In 2001, a “sawdust collection system” was installed at the UNICOR factory and some prisoners began using respiratory protection. It was not until April 2003 that a glass breaking room was constructed to contain the harmful heavy metal dust.

Fitted with vinyl curtains hanging from the ceiling, a ventilation discharge area, local exhaust ventilation system and a “clean area” where prisoners can suit and unsuit into coveralls and other protective equipment, the glass breaking room was supposed to eliminate the exposure problems caused by prior unsafe work practices.

Yet despite those improvements, problems continued to persist. During a filter change-out process, filters were removed and cleaned by vacuuming, shaking or banging them on the floor, causing a “thick cloud of dust” within the glass breaking room. Prisoners were exposed to “450 times the concentration adopted by OSHA as the Permissible Exposure Limit (PEL) for cadmium and over 50 times the PEL for lead” during this process, according to the preliminary report.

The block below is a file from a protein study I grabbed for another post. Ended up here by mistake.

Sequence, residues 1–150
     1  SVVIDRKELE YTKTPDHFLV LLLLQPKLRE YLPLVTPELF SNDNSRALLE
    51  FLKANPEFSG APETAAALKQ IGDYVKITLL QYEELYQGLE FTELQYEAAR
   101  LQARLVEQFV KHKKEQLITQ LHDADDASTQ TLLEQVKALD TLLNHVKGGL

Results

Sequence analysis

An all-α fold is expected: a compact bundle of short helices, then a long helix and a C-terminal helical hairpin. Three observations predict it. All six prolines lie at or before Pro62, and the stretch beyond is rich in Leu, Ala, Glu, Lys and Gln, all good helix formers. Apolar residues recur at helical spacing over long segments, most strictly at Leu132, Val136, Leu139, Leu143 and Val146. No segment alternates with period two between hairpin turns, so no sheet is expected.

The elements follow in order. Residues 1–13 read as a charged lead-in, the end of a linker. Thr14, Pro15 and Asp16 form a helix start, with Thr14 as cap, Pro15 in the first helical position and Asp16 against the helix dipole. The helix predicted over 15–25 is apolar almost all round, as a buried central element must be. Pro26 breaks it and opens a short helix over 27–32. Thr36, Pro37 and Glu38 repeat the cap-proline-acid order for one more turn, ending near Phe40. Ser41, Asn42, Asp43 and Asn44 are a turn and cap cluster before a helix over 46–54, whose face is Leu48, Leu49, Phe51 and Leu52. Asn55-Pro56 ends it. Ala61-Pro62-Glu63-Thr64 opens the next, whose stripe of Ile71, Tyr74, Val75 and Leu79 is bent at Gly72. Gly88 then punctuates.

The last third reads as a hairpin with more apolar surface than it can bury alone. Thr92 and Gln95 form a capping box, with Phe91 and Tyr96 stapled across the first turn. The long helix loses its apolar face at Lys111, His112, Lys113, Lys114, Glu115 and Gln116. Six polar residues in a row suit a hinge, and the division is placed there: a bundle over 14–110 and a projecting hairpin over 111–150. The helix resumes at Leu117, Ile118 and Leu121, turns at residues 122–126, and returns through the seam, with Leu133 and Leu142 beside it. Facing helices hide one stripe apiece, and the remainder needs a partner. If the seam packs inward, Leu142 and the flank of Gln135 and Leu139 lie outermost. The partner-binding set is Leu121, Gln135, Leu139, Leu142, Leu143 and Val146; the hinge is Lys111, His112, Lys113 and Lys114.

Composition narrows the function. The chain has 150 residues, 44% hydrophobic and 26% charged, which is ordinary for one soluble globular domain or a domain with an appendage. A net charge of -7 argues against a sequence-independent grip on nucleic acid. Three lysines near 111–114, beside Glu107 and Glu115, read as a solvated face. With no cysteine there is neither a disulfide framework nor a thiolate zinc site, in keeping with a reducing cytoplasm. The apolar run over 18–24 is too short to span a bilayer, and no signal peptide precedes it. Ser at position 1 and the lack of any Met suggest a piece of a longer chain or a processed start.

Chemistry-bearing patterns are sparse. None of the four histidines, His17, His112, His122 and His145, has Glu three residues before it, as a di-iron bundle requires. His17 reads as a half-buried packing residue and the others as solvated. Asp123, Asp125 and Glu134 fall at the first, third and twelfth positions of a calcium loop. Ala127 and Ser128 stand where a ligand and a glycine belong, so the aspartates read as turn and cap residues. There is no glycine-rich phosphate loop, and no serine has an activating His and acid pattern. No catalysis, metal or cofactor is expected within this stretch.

While most of the heavy metal contamination was confined to the glass breaking room, lead and cadmium residues were found on work surfaces outside that area, where workers were not wearing protective equipment. In one section of the factory, one dust sample was as high as “16% lead.”

This, among other noted deficiencies, led investigators to conclude that “the current [glass-breaking operation] is a significant improvement, but can be further enhanced to limit exposure to those performing glass breaking as well as limiting the migration of lead and cadmium from the room into other areas.”